STORY BY MAGGIE DICKMAN
College students have found a way to balance a hectic schedule, but some find picking out what to wear even more stressful than their course load. Summer is one of the shortest seasons in the Midwest, but this back-to-school season is bringing the heat. This warmth calls for a wardrobe that balances both looking cool and feeling cool.
Stylist Jessica Miller, co-owner of Hill Vintage & Knits in East Village with Erica Carnes, says summer is the store’s most popular season for denim cutoffs, flowy fabrics and cotton — with an emphasis on comfort.
“Find stuff that fits your personality and that’s comfortable to wear, especially in Iowa when it can be 60 (degrees)… and then 90,” says Miller.
Drake University sophomore Marissa DePino, a style guru for College Fashionista, reports on the latest trends on campus. She agrees that keeping an easy-going wardrobe is the best way to go.
“Find the right style for you,” says DePino. “You can be cute, casual and comfortable all at the same time.”
DePino’s go-to? The T-shirt dress, which can be dressed up or down with accessories, like a floppy sunhat and strappy sandals.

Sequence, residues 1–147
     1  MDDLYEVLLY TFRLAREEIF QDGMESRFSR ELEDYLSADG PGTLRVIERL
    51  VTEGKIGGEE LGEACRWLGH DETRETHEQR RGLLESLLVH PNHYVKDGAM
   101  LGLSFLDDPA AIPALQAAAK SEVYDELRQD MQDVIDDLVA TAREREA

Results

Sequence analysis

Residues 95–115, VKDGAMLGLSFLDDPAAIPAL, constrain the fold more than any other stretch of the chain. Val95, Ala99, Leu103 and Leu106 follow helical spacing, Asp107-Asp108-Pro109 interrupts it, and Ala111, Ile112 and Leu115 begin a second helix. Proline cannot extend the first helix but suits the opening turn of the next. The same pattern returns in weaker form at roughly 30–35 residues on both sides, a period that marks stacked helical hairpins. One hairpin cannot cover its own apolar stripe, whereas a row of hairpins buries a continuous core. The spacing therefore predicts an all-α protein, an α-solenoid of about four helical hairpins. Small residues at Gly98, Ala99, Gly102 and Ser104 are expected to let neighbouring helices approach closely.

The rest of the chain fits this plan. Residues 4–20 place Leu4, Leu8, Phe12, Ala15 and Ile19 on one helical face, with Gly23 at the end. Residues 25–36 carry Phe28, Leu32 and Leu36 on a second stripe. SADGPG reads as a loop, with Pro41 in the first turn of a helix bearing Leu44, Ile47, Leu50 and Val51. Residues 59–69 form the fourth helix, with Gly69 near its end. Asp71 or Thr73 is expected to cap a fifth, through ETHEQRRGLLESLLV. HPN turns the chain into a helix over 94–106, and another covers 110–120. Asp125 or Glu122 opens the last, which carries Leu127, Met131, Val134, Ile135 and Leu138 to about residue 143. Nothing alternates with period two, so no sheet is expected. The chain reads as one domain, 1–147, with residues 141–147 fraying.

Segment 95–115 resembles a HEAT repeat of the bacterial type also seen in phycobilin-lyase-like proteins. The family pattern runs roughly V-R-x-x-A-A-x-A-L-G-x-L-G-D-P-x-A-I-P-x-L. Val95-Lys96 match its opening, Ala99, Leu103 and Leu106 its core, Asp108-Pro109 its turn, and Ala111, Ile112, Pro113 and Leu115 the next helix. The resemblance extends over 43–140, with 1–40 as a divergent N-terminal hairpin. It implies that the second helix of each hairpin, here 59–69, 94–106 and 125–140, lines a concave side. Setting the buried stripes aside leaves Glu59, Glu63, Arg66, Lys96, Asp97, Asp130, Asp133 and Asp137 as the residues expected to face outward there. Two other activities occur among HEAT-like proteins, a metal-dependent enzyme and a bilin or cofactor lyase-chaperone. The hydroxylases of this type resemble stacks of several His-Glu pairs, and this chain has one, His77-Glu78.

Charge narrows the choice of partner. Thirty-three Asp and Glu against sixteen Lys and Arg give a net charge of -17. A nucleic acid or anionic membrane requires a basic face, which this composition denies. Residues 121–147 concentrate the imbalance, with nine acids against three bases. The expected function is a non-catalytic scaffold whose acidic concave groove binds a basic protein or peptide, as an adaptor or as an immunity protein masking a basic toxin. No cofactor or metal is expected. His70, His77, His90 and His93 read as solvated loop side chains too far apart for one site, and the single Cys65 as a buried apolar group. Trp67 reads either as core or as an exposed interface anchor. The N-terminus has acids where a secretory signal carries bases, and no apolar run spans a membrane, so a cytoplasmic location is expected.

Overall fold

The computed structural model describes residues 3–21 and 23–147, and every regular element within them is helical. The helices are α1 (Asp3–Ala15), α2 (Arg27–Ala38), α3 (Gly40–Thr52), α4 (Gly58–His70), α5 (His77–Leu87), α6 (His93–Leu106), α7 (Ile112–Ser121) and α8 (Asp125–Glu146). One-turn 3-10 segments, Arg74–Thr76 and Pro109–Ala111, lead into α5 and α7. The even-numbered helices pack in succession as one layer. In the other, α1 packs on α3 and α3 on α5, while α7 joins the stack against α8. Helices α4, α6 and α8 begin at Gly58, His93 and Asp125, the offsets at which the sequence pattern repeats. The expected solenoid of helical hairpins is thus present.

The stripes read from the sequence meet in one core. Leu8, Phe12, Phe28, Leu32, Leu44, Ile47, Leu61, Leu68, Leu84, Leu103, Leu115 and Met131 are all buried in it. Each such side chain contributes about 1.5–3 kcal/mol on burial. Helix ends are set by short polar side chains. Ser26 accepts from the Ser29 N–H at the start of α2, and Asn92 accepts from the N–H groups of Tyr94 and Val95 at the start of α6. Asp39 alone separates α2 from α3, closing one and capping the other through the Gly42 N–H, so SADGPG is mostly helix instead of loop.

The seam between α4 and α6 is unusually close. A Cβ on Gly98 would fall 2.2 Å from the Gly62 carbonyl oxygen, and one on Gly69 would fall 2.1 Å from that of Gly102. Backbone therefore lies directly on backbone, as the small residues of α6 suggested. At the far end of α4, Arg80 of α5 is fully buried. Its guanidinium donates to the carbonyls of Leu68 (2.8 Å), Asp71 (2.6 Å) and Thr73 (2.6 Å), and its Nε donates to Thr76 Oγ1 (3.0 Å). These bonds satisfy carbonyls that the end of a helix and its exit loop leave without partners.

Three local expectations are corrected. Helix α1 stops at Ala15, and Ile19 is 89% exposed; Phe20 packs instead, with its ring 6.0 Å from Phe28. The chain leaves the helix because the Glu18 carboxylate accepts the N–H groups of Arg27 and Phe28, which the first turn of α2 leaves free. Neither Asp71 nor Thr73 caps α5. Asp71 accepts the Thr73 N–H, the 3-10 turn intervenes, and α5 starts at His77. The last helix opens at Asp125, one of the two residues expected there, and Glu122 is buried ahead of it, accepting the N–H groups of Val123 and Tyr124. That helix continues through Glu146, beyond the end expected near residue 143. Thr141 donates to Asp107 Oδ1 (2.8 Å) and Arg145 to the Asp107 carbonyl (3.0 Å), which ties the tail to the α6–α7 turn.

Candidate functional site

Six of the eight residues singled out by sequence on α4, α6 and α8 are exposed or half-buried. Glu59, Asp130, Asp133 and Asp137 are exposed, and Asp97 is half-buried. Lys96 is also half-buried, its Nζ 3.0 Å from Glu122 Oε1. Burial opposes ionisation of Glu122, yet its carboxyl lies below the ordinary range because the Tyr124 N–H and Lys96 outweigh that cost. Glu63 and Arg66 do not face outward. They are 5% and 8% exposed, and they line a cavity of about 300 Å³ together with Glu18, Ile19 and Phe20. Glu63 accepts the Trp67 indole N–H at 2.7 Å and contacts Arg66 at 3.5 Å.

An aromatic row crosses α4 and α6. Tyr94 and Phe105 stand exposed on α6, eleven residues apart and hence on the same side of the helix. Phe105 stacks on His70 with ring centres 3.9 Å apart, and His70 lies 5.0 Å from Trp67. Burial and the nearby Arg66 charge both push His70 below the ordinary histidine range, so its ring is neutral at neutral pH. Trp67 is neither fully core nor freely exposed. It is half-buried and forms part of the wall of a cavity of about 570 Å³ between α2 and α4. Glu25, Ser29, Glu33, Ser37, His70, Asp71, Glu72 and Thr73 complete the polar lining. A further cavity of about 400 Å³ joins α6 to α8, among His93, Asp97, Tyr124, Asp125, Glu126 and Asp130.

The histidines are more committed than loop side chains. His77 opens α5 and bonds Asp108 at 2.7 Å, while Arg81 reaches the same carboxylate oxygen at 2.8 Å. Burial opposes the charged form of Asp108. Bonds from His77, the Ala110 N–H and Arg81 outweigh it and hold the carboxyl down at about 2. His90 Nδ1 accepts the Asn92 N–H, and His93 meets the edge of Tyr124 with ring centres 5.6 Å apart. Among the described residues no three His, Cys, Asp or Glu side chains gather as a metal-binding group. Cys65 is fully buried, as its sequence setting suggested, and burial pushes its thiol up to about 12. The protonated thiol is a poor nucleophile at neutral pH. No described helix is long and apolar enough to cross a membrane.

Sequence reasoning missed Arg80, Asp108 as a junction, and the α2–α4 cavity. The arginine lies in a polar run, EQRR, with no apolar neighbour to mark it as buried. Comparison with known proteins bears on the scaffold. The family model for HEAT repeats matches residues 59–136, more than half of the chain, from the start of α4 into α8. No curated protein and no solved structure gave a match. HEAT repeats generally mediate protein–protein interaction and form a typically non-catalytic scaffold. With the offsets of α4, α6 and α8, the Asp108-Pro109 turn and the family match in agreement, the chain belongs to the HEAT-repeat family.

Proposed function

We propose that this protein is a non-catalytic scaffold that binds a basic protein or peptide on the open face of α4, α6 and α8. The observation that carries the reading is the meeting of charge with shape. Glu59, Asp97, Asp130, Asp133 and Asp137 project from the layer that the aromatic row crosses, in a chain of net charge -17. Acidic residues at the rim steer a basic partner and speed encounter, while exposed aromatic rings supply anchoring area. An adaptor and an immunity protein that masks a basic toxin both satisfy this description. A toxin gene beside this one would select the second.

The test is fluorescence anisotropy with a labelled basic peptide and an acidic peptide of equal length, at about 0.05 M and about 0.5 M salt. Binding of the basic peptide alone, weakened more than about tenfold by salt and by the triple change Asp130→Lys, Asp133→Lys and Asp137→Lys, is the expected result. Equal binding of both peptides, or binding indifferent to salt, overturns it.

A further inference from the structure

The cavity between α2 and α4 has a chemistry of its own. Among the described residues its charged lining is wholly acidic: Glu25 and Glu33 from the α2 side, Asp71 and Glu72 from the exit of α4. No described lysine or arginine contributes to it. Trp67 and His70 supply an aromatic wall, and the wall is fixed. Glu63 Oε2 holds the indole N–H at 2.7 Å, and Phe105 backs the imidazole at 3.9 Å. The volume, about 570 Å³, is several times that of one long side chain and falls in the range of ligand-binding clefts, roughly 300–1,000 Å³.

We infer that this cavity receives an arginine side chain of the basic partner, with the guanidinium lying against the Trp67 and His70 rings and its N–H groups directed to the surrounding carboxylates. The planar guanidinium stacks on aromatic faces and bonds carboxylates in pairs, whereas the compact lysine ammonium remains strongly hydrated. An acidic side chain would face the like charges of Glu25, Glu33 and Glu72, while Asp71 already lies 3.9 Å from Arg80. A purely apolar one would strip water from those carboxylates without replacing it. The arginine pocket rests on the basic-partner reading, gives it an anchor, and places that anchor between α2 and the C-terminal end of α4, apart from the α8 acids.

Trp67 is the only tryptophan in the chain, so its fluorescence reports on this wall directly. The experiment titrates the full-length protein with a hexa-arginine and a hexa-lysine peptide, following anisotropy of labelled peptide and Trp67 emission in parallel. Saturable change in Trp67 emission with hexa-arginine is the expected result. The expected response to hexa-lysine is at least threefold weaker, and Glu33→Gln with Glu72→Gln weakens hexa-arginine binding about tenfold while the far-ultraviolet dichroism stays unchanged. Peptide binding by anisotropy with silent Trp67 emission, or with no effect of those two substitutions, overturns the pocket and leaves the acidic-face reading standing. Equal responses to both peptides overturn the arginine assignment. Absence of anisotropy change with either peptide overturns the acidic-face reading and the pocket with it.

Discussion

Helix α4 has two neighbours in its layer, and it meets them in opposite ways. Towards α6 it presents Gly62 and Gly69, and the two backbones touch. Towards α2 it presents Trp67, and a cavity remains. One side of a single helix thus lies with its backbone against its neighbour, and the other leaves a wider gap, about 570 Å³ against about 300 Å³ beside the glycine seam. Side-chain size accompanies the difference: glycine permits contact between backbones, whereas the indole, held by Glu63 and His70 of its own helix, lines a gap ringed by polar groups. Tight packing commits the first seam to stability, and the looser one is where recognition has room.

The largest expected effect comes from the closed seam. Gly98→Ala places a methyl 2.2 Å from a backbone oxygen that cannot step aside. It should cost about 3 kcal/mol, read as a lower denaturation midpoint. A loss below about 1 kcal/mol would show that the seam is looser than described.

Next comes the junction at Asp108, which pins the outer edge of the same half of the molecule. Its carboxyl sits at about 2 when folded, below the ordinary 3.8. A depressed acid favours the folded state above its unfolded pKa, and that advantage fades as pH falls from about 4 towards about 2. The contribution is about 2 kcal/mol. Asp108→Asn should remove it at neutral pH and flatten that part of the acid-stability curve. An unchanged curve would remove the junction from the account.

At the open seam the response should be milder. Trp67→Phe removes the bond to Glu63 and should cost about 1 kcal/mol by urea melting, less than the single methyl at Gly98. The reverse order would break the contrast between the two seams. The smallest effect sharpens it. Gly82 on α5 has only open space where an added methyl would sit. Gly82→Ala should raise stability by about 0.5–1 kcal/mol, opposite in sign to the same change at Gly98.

New Yorkers have stylish, comfortable dressing figured out. Drake University junior Eunice Chang learned that less is more when it comes to dressing in the heat after spending her summer in New York City as a digital marketing analytics intern with NBC.
“When it’s really hot outside, I don’t like wearing a lot of accessories,” says Chang. “A very simple necklace, a few thin bracelets, or just some midi rings are enough.”
She typically took to the streets in dresses and sunglasses, wearing her Adidas Superstars as a means for both style and comfort. She also took cues from the New Yorker stylebook — shift dresses, distressed denim, off the shoulder tops, and bucket bags were all spotted on the city commuters.
Easy summer style tips don’t stop with women, though. First-year Noah Marsh, a bow tie creator from Kansas City, believes that men need to take more style risks in their wardrobe.
“Everyone needs pants and a shirt,” says Marsh. “However, accessories, like a watch, hat, socks, belt, can add your own personal twist.”
For a dressier look, ideal for internship dressing, he recommends pastel pants and a rolled up button down, a relaxed and trendy combination.
For casual campus style, Marsh sees what he calls “nativism” as a trend on the rise.
“People are wearing graphic tees that either represent where they’re from or something that they’re very, very passionate about,” says Marsh.
Tees sold at shops like Raygun are hip and fitting for the trend. His tip: Look for brighter color palettes and lighter fabrics. Pair a printed top with solid colored bottoms, and vice versa. All of the pieces can be slipped on with ease.
“There’s a bit more freedom (in summer) since there’s more color to work with,” says Marsh. That’s is a tip that can go for everyone.